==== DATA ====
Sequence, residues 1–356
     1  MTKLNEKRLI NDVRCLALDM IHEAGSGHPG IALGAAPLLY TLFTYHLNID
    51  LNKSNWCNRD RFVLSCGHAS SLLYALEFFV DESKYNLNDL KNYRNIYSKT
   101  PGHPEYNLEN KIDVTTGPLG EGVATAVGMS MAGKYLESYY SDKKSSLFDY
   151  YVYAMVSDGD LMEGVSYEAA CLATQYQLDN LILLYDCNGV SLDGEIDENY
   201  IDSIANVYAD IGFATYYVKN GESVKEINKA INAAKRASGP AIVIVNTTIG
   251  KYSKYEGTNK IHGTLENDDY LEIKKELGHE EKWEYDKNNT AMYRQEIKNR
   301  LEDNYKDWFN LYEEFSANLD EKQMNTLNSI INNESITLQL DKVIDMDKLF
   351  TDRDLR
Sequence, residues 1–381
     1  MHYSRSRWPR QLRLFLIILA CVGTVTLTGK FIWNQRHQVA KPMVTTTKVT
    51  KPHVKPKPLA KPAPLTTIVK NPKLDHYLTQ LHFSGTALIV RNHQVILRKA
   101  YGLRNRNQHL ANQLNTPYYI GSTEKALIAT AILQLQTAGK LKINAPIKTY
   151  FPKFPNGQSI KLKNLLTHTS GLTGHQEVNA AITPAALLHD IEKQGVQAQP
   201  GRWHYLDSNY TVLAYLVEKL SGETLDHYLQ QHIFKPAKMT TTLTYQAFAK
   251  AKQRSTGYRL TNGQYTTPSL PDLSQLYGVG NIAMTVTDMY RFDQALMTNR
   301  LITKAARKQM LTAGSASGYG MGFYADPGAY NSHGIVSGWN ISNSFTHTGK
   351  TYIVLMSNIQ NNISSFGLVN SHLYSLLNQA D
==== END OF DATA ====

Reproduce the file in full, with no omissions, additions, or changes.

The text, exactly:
Sequence, residues 1–356
     1  MTKLNEKRLI NDVRCLALDM IHEAGSGHPG IALGAAPLLY TLFTYHLNID
    51  LNKSNWCNRD RFVLSCGHAS SLLYALEFFV DESKYNLNDL KNYRNIYSKT
   101  PGHPEYNLEN KIDVTTGPLG EGVATAVGMS MAGKYLESYY SDKKSSLFDY
   151  YVYAMVSDGD LMEGVSYEAA CLATQYQLDN LILLYDCNGV SLDGEIDENY
   201  IDSIANVYAD IGFATYYVKN GESVKEINKA INAAKRASGP AIVIVNTTIG
   251  KYSKYEGTNK IHGTLENDDY LEIKKELGHE EKWEYDKNNT AMYRQEIKNR
   301  LEDNYKDWFN LYEEFSANLD EKQMNTLNSI INNESITLQL DKVIDMDKLF
   351  TDRDLR
Sequence, residues 1–381
     1  MHYSRSRWPR QLRLFLIILA CVGTVTLTGK FIWNQRHQVA KPMVTTTKVT
    51  KPHVKPKPLA KPAPLTTIVK NPKLDHYLTQ LHFSGTALIV RNHQVILRKA
   101  YGLRNRNQHL ANQLNTPYYI GSTEKALIAT AILQLQTAGK LKINAPIKTY
   151  FPKFPNGQSI KLKNLLTHTS GLTGHQEVNA AITPAALLHD IEKQGVQAQP
   201  GRWHYLDSNY TVLAYLVEKL SGETLDHYLQ QHIFKPAKMT TTLTYQAFAK
   251  AKQRSTGYRL TNGQYTTPSL PDLSQLYGVG NIAMTVTDMY RFDQALMTNR
   301  LITKAARKQM LTAGSASGYG MGFYADPGAY NSHGIVSGWN ISNSFTHTGK
   351  TYIVLMSNIQ NNISSFGLVN SHLYSLLNQA D